I’m delighted to have my colleague David Carratt as guest columnist for a few days, reporting live from the 3GSM congress in Barcelona (lucky sod!):
First impressions from 3GSM are rather blurry having got off a plane, been hit by massive Samsung billboards at the airport advertising RAZR lookalikes, spent half an hour blagging my way into the show –- persuaded the cashier that Tuesday after 4pm is not a full day so I should get in free today –- and then spending 3 hours at a corporate drinks party.
Spectacular walk at dusk up from the show site at Fira Barcelona to the Fundación Miró in Montjuïc Park overlooking the whole of Barcelona.
This year’s main preoccupation is "what next for your phone?" Is it a TV? Is it a personal navigator? Is it a video iPod? Or is it a mobile webcam? Nokia's new phones cover all these possibilities in a way that makes you wonder whether anyone knows the answers or just wants to cover the bases.
I am convinced that consumers don't want to watch broadcast live TV simultaneously with everyone else. After all, this is the media-fragmented, post-Tivo, "audience of one"-world, right? Apparently this isn't the only view. A mobile phone at 6" is as good as a plasma at 10ft, and the Nokia N77 packs stereo speakers. In this view of the world you end up with Bluetooth rear speakers in both your ears and a subwoofer in your shoes! …for a superior personal TV experience.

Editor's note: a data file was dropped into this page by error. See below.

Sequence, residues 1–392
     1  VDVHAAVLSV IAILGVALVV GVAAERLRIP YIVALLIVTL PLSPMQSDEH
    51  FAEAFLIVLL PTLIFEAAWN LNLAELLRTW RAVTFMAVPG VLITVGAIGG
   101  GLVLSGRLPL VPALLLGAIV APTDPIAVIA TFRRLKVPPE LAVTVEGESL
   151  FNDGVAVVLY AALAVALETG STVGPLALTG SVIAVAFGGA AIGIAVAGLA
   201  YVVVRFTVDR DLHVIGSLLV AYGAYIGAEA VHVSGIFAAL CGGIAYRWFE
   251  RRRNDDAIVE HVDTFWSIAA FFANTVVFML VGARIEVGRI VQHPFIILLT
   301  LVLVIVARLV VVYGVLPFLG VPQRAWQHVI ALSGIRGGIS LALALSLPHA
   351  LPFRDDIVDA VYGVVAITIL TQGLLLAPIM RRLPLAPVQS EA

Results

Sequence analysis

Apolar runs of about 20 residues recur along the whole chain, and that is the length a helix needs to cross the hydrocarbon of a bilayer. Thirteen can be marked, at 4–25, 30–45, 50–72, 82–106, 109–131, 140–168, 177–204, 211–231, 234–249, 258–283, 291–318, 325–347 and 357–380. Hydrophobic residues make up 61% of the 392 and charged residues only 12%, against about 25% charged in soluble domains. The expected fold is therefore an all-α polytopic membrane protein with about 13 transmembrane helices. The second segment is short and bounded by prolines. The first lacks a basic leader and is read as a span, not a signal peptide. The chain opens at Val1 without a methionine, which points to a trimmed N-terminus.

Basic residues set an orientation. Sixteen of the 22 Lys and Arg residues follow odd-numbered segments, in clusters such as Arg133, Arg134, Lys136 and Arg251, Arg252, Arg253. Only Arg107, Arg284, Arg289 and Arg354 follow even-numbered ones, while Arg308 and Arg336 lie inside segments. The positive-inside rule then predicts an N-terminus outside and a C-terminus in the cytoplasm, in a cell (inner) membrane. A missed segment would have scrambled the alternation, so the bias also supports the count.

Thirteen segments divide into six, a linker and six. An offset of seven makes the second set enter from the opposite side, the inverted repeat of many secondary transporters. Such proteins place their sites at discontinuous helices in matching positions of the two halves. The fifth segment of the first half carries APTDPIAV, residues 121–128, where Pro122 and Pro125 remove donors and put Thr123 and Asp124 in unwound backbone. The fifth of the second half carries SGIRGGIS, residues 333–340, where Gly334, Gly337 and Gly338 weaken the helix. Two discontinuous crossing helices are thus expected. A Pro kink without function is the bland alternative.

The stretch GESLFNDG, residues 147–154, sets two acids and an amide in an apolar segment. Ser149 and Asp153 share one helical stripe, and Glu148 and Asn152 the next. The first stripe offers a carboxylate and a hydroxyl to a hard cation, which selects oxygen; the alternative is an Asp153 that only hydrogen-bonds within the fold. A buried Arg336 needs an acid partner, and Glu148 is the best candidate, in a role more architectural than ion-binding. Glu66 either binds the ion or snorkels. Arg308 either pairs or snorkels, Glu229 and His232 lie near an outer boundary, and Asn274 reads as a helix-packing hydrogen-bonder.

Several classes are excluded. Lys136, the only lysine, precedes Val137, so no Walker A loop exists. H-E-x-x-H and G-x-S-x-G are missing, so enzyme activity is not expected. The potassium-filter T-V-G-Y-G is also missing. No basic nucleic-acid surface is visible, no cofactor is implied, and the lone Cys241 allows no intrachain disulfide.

Maybe these two views aren't so different – video is here to stay but my bet is on time-shifted, downloaded multicasting rather than live simulcasting. Consumers want the flexibility to watch video in a non-linear format. Operators want to carry the packets to the phone (and they don't care whether you watch them or not).
The argument will be swayed by whether Apple's iPhone and other smart video phones are more attractive to consumers at a price greater than the free terminals (dumb phone + TV) provided by your operator. Would you rather use a video iPod with a built in smartphone or a TV with a plain old voice phone? My choice is device first, operator second!
Thanks David. Your consumer dilemma is a mirror image of the increasing tension between handset manufacturers and the operators. Steve Jobs would like nothing more than to sell the iPhone directly to consumers, bypassing the operator channel. So would Nokia. The operators meanwhile want to stop subsidising high-margin smartphones, and to increase ARPU on mass market phones. This epic struggle between Nokia/Motorola and Vodafone/Verizon is likely to consume the mobile phone industry for the next few years.